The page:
Published date: 18 June 2021 12:00 UTC Last update:4 weeks 1 day ago
Iranians headed to the polls on Friday to vote in presidential elections, with a low turnout and victory for the conservative candidate expected.
Ebrahim Raisi, a senior cleric and the current chief justice of Iran, is predicted to win the presidency after the country's Guardian Council barred most reformist candidates from running in the election.
President Hassan Rouhani registering to vote at the interior ministry in the Tehran, on 18 June 2021 (AFP/Iranian presidency handout)
Anger and apathy have greeted the limited offering and polls signal the turnout may drop below the 43 percent of last year's parliamentary election before the scheduled close of polls at midnight (1930 GMT).
In addition, numerous opposition groups have called for a boycott.
Supreme Leader Ali Khamenei cast the first vote in Tehran before urging Iran's nearly 60 million eligible voters to do likewise.
"The sooner you perform this task and duty, the better," he said.
Iran's economy has crumbled under years of sanctions. It is also facing one of the worst Covid-19 crises in the region and public anger over widespread corruption.
Whoever wins will take over as president from Hassan Rouhani, who ran as a moderate in 2013 but has been widely criticised for failing to live up to his promises, especially after the collapse of the 2015 nuclear deal.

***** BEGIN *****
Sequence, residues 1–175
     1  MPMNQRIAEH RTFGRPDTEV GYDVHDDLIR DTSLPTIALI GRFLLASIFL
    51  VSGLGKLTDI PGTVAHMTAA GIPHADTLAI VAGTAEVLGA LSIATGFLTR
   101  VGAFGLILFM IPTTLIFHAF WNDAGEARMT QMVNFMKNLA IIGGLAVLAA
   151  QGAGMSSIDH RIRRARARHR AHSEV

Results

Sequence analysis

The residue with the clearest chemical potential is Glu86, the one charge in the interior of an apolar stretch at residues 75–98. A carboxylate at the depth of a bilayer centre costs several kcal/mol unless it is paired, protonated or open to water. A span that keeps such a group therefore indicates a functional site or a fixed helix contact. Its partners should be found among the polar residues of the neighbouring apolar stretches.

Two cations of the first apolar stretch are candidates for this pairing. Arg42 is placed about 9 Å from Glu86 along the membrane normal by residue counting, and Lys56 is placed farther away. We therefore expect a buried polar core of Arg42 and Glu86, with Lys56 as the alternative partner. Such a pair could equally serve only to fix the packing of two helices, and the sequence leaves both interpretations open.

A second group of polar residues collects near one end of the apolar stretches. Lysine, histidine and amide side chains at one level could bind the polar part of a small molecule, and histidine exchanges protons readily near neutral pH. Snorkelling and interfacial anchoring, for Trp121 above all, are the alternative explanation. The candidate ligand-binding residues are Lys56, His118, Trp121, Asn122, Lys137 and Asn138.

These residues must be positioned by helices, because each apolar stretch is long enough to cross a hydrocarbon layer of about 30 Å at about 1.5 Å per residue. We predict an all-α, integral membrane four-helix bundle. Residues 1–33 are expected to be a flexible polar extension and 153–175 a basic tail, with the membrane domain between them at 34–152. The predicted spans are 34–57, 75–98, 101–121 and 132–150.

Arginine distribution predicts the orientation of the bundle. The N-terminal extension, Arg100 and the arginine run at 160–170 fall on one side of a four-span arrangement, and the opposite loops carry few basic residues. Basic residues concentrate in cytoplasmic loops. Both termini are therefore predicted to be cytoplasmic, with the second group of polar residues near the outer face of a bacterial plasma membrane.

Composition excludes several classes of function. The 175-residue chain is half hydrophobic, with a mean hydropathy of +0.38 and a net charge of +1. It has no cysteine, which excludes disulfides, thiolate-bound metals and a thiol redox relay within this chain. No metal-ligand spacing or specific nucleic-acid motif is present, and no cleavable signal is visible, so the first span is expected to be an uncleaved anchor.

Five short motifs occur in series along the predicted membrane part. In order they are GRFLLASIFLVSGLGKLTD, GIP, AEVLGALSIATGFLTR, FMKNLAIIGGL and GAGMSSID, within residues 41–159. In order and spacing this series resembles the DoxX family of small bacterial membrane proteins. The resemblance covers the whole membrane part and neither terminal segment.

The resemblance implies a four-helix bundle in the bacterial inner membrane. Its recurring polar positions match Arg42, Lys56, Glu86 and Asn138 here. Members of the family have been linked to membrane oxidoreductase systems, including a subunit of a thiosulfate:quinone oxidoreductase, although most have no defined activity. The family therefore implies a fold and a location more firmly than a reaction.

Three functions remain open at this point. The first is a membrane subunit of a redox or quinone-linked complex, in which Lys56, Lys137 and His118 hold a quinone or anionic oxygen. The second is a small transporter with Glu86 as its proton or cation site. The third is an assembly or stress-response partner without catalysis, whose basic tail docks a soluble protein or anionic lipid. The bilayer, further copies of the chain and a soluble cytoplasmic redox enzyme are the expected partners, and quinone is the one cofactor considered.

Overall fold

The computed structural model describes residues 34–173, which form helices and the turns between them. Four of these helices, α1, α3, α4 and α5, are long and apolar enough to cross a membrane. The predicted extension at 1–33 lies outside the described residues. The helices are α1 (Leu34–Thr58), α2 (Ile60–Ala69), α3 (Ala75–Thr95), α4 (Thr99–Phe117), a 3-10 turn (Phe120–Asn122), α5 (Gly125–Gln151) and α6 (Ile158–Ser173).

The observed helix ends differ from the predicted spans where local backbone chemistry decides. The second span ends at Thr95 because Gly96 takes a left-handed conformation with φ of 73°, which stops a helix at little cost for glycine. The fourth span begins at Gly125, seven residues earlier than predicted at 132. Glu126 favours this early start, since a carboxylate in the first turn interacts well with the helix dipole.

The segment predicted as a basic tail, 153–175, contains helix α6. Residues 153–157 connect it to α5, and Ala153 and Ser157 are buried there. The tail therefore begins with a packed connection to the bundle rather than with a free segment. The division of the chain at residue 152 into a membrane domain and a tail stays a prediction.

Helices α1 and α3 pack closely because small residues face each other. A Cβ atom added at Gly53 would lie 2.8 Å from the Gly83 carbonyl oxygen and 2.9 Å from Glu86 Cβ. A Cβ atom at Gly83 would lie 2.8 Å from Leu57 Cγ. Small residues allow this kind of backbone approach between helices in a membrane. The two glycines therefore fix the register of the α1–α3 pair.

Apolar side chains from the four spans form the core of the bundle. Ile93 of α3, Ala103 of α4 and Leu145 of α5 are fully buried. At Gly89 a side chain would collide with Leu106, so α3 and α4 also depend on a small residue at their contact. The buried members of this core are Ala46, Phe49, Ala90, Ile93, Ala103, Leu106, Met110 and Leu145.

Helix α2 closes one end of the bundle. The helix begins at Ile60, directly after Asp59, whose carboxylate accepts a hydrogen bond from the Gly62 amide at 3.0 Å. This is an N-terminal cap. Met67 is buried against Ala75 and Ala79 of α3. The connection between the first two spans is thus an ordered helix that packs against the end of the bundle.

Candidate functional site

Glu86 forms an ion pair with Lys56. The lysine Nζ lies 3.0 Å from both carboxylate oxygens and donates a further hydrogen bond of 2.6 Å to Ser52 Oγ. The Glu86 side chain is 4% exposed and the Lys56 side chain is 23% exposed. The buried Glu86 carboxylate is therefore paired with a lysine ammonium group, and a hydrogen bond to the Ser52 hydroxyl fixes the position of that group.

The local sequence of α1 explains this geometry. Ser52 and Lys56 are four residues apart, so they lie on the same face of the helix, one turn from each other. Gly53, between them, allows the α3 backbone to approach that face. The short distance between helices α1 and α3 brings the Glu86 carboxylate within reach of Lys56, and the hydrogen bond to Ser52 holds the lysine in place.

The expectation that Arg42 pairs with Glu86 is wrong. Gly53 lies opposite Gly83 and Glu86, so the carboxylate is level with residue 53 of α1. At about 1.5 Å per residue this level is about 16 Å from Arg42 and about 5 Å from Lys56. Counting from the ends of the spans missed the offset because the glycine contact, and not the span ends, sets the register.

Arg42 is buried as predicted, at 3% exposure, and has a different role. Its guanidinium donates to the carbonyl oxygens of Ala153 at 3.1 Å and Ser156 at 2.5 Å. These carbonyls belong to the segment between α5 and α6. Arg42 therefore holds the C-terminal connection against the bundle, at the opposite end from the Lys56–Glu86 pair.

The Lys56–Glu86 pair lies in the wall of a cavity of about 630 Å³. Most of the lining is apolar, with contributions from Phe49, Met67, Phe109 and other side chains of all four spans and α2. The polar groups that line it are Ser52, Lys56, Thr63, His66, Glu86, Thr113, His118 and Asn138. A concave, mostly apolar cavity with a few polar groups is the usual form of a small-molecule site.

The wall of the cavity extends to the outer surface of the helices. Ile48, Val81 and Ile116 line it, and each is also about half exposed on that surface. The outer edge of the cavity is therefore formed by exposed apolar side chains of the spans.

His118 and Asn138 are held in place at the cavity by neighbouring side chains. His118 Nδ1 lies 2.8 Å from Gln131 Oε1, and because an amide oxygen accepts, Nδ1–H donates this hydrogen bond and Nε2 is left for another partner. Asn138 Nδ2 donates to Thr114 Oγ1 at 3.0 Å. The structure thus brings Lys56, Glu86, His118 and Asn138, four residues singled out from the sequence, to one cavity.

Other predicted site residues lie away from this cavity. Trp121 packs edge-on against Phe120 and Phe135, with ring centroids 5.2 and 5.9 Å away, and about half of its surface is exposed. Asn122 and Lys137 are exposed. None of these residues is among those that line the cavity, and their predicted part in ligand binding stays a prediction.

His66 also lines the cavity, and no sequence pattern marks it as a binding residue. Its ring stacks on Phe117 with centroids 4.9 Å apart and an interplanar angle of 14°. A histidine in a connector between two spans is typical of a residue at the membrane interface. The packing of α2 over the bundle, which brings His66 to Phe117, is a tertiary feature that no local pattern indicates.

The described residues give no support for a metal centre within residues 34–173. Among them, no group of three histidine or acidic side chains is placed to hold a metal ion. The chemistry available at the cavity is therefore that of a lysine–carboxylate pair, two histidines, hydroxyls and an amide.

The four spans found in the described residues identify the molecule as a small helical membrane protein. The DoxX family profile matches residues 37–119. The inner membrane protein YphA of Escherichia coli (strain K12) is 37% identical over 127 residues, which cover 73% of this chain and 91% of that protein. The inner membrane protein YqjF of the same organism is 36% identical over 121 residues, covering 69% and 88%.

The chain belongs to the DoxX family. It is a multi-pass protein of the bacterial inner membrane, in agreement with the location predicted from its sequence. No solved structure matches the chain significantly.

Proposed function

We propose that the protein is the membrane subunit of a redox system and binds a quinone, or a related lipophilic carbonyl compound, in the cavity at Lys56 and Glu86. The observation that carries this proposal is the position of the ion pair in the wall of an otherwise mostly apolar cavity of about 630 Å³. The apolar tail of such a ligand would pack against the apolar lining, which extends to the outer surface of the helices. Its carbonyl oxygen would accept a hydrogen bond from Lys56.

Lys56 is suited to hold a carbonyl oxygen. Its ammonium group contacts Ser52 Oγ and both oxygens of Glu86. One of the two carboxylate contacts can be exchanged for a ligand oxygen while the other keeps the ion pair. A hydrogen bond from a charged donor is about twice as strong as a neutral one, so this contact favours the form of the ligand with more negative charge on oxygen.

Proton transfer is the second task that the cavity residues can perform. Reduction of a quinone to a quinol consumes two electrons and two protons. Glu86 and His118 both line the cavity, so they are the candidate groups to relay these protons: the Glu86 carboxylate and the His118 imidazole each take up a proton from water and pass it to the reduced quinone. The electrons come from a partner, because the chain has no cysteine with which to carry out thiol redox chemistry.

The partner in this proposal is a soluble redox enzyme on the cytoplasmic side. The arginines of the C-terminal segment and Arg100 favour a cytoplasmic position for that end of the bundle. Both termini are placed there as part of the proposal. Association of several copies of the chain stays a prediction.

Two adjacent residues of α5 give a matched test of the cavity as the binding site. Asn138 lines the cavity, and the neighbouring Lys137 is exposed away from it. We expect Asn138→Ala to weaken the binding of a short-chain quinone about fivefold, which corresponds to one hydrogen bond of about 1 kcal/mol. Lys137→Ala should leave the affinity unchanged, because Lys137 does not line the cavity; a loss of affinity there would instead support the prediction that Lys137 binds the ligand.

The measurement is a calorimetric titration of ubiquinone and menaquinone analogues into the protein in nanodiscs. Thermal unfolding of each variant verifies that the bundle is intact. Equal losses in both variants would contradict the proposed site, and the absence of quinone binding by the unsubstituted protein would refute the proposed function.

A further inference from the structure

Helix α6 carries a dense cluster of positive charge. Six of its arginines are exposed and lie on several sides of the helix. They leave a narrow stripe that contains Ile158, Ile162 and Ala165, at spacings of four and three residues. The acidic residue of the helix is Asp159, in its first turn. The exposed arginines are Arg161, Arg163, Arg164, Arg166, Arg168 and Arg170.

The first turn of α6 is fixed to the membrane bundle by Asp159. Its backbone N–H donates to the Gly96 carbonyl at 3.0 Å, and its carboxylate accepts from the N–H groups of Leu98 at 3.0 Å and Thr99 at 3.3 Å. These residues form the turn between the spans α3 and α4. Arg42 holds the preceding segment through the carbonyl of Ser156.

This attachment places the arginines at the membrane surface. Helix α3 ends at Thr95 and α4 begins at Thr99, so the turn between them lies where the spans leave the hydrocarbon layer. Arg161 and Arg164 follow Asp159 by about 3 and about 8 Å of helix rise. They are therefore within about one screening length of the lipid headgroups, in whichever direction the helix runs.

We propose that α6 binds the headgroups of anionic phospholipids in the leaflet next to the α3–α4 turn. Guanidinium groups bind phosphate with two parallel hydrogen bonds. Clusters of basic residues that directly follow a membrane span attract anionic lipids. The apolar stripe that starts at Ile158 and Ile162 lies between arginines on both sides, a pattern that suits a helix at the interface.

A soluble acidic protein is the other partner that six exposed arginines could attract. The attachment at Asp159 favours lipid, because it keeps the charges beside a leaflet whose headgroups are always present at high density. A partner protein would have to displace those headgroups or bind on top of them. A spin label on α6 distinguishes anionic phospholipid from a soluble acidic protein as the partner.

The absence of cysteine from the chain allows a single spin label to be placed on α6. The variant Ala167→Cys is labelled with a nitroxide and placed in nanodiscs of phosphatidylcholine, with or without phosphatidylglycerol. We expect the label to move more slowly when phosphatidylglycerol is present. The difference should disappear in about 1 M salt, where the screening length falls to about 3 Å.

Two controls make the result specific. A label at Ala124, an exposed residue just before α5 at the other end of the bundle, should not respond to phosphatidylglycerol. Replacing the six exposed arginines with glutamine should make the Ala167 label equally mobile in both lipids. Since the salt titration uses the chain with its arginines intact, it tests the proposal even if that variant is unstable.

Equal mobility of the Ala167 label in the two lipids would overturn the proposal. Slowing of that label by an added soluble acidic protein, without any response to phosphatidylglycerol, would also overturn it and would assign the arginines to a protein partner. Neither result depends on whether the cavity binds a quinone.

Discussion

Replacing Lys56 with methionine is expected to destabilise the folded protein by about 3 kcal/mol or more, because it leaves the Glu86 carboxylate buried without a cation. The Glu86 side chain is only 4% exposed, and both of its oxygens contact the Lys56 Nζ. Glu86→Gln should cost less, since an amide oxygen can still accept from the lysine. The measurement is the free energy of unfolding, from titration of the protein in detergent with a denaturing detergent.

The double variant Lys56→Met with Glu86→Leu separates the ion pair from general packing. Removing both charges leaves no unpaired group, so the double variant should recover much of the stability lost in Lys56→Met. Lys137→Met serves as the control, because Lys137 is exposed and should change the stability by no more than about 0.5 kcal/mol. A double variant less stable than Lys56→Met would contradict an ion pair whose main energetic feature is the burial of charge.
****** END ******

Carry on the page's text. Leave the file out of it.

Rouhani told the public on Friday: "Elections are important no matter what, and despite these problems we must go and vote," adding that he would have liked to see "more people present" at polling stations.
'Absolutely I will not vote'
Results are expected to come in around midday on Saturday, and if no clear winner emerges a runoff will be held a week later.
From almost 600 hopefuls who originally sought to run for the presidency, only seven were eventually approved.
Among those disqualified were conservative former parliament speaker Ali Larijani and populist ex-president Mahmoud Ahmadinejad. In the end, the only candidate running from Iran's reformist camp was former central bank chief Abdolnaser Hemmati.
Iran elections: Voters plan boycott over lack of choice